Theatre Gargantua’s signature acrobatics are at full force in the current production of Avaricious. Brilliantly executed physicality is woven throughout an eighty minute tour de force, commingling with song, masked minstrelsy, and fast paced, breakneck repartee. Greed, in the form of a very wealthy dog loving white guy, plays a central narrative role as corporeal twists and turns overwhelm the stage and to some extent usurp a singular parable-like narrative that cannot compete with the intense theatric[k]s.
The ensemble is impeccable, taking on a variety of individual and choral roles with great dexterity. But the story, loosely based upon research into a mammoth mutli-million dollar house overlooking the slums of a third world city lacks depth - depending upon melodramatic, fable like dialogue in order to move the action along. Had the script included some very real gestures toward celebrities currently in legal hot water for their aqua thieving ways, or Hollywood icons with green green lawns in the midst of drought along this – or any – continents toasty southern – and northern – coastlines, well, there might have been a bit more much needed substance to hold on to. Ultimately we drown in a hunger for quick bouncy sensation, all the time thirsty for a bit more meaty story.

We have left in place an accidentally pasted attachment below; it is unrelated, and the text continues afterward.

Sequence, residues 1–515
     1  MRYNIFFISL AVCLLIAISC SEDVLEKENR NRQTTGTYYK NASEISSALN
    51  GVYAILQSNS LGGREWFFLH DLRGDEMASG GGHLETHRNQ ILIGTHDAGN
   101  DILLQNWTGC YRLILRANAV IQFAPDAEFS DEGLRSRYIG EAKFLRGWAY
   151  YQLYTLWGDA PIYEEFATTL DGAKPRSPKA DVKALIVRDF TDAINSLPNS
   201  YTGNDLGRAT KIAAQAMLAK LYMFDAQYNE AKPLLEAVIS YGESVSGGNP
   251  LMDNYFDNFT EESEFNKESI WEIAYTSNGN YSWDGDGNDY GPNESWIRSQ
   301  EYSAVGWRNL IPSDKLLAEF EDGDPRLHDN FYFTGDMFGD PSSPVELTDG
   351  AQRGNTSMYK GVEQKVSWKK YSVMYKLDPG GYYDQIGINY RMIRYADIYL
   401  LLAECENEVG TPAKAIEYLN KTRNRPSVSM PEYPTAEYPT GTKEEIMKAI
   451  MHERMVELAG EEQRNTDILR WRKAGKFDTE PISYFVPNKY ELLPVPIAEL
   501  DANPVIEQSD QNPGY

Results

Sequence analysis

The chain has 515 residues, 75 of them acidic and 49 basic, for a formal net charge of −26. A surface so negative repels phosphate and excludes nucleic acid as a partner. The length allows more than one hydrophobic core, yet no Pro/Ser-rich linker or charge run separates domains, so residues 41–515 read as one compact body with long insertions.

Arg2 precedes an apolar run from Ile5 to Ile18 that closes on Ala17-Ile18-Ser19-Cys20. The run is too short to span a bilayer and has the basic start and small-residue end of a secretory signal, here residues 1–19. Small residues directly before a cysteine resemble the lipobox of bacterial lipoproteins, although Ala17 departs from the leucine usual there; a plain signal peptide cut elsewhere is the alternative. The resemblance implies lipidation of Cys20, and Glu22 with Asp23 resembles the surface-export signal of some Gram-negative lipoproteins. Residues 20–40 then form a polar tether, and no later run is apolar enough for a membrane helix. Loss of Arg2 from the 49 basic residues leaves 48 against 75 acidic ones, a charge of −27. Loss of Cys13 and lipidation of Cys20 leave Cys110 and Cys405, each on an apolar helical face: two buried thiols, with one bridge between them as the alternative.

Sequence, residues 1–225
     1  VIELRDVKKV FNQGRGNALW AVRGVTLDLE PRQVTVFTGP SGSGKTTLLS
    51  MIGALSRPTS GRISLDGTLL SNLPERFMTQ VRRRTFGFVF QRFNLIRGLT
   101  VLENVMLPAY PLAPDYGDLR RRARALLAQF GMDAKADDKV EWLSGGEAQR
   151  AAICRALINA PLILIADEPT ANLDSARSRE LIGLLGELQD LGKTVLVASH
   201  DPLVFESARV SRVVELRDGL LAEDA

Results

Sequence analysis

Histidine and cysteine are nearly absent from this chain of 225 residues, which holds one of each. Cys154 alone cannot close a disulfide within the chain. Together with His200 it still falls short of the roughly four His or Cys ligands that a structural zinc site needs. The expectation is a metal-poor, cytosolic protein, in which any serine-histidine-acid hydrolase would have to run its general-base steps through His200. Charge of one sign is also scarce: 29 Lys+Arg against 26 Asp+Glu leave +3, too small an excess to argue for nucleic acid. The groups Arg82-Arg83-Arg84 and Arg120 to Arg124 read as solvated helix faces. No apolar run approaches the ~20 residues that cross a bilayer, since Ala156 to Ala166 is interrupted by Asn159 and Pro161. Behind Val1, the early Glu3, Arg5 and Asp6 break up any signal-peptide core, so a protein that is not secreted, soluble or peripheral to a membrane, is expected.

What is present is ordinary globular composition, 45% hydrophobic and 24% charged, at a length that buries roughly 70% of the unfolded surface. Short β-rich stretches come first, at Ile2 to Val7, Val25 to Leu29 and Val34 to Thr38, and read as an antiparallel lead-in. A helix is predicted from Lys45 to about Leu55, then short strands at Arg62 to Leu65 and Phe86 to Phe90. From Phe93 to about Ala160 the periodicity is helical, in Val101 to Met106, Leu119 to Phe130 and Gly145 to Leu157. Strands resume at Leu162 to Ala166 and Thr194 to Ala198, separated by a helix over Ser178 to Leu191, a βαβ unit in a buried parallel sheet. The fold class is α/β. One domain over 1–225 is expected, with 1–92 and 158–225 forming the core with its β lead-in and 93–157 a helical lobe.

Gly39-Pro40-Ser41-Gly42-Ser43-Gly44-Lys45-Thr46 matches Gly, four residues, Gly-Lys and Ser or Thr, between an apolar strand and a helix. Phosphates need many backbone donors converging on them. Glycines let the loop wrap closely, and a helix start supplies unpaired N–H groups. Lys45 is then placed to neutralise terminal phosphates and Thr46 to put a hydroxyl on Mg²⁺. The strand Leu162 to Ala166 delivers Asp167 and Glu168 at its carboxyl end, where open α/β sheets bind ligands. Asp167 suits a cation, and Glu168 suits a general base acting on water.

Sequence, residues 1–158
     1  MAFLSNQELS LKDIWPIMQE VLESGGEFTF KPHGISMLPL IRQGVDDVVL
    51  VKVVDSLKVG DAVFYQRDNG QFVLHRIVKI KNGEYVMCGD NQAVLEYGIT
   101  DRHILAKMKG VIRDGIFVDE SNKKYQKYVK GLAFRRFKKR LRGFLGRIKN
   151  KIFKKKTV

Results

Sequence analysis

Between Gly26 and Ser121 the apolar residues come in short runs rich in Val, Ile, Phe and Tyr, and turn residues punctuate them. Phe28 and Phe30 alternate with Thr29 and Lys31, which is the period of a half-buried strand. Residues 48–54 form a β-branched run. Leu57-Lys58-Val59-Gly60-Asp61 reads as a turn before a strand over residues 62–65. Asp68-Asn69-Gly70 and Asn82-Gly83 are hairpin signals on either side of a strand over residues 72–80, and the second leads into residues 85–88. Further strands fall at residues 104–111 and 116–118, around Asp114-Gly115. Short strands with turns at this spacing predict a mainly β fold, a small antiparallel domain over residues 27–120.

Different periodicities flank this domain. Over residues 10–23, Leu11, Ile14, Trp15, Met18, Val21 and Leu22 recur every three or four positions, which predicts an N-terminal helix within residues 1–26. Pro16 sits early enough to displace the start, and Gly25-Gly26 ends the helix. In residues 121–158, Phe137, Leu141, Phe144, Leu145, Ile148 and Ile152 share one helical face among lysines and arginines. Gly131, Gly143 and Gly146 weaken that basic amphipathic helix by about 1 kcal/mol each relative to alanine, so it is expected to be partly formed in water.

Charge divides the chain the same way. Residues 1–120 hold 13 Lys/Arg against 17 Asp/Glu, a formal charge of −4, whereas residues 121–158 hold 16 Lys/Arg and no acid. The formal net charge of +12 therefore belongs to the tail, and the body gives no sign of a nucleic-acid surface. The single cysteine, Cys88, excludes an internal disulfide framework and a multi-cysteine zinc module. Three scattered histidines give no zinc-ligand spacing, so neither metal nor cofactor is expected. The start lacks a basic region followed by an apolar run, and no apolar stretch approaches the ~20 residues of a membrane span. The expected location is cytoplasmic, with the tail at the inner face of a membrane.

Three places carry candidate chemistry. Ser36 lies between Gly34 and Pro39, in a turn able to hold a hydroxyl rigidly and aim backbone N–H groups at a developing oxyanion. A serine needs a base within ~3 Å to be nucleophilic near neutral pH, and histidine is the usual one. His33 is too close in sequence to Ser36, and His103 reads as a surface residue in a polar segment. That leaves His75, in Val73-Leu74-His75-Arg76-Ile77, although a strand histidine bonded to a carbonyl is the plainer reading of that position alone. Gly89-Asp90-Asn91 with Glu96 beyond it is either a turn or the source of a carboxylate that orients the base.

At the end of the play extremely effective translucent Pilates balls, used throughout as planetary metaphors, take on a meta-theatrical tone as one hopes and wonders – wonders and hopes – regarding the future of destructive plastic props filled with water that help move a shallow script through the melodramatic narrative strains of a mega-message that lacks substance, articulation, and severe dramaturgical layering. The exercise balls have been partially filled with water. One prays agnostically that there is enough post- production money left to deflate the props, extract the water, and carry on until the next flood of arc-like proportions hits the world meta-stage. And then there’s the lame self- righteous nerve of one blogger who wishes there was more one could do than pen a simple story about complex and terrifying issues. There obviously is. Avaricious however, despite an extremely entertaining cabaret-like succession of scenes, doesn’t quite manage to pack enough narrative punch.
But there are stunning moments, and a big friendly skilfully executed and manipulatively managed hug monologue about midway through the action that may warm (i.e. microwave) and fondle the cockles of your heart and make you want to just go out and buy something cuddly…like a pillow or a blanket or a brand new leather satchel - or an expensive oil-based life preserver…